9) Feelings Do not Equate to Evidence

Teachers will often rely on their instincts rather than data to determine the effectiveness of their instruction, but it’s essential to look at the data to see the real impact of your work.

If you think your instruction methods are effective, ask yourself — which students are learning? Is it the 40% that would have learned anyway, regardless of the instructional methods used? Are you in an affluent community where the kids who don’t learn to read have access to private tutors?

A data-based approach to teaching requires valid and reliable assessment tools. Teachers need to look at the data and make changes in their instruction based on what it tells them, including targeted interventions where needed.

The bottom line? Base your assessments on data, not feelings.

10) Literacy Instruction Is a Civil Rights Issue

Teachers have a huge influence on their students’ outcomes later in life. The choices you make about how to teach reading will determine which college they go to and what careers they pursue.

All students deserve evidence-based instruction, and teachers need to make sure they give students the tools to participate in grade-level reading and thinking.

The Science of Reading 5 Essential Components

The National Reading Panel (NRP) Report in 2000 identified the following five components as most critical for students to become proficient readers.

1) Phonemic Awareness

Phonemic awareness is recognizing that words are composed of individual sounds that can be blended together for reading and pulled apart or segmented for spelling.

2) Phonics

Phonics is a method of teaching students how to connect the phonemes (sounds) with the graphemes (letters or spellings) and how to use this sound/spelling relationships to read and spell words.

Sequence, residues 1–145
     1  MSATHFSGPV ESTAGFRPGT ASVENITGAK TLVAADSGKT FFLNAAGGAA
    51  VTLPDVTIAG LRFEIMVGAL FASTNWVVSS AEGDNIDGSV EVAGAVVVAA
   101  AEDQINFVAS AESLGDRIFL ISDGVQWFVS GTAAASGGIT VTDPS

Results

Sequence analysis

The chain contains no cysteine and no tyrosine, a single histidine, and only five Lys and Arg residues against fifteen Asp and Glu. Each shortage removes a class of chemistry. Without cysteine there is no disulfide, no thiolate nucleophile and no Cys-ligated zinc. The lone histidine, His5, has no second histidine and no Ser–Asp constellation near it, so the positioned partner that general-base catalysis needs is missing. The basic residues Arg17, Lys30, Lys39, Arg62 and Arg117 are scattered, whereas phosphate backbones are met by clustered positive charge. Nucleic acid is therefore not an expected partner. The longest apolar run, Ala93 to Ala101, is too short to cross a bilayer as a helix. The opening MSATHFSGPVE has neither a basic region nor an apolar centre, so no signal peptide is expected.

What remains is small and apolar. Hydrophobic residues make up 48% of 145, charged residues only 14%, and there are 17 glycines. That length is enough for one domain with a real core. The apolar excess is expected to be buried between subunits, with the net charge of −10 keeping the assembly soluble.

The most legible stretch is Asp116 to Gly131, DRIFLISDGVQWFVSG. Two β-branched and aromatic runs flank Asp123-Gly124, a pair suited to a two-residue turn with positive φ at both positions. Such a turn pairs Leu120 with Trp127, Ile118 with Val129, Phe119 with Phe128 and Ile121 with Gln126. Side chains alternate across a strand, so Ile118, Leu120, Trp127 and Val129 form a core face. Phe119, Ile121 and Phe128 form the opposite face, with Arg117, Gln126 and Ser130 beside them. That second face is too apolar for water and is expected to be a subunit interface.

3) Fluency

Reading fluency is reading text with sufficient speed and accuracy to support comprehension. The practice of developing fluency in children includes reading accuracy, reading rate, and reading expression. Instruction in reading fluency should include assisting students in developing word reading automaticity, their ability to use typical speech patterns and appropriate intonation while reading aloud.

4) Vocabulary

Vocabulary is the understanding of individual word meanings in a text. Teachers should develop students’ vocabulary knowledge through direct and indirect methods of teaching specific words and word learning strategies. Students should be exposed to vocabulary both orally and through reading.

5) Comprehension

Comprehension is the understanding of connected text and is the ultimate goal of reading. Having strong decoding skills, reading fluency, and vocabulary lay the foundation for comprehension to occur.

Help Your Students Develop the Reading Skills They Need

The Science of Reading is a powerful, effective approach to teaching reading based on a large, interdisciplinary body of research developed over half a century. Incorporating it into your teaching practice can help all students develop the literacy skills they need to succeed in life.

If you want to develop or deepen your knowledge of the science of reading, you may be interested in OL&LA, the Online Language & Literacy Academy. This course will provide you with the skills and resources to deliver standards-aligned and evidence-based reading instruction based on the science of reading.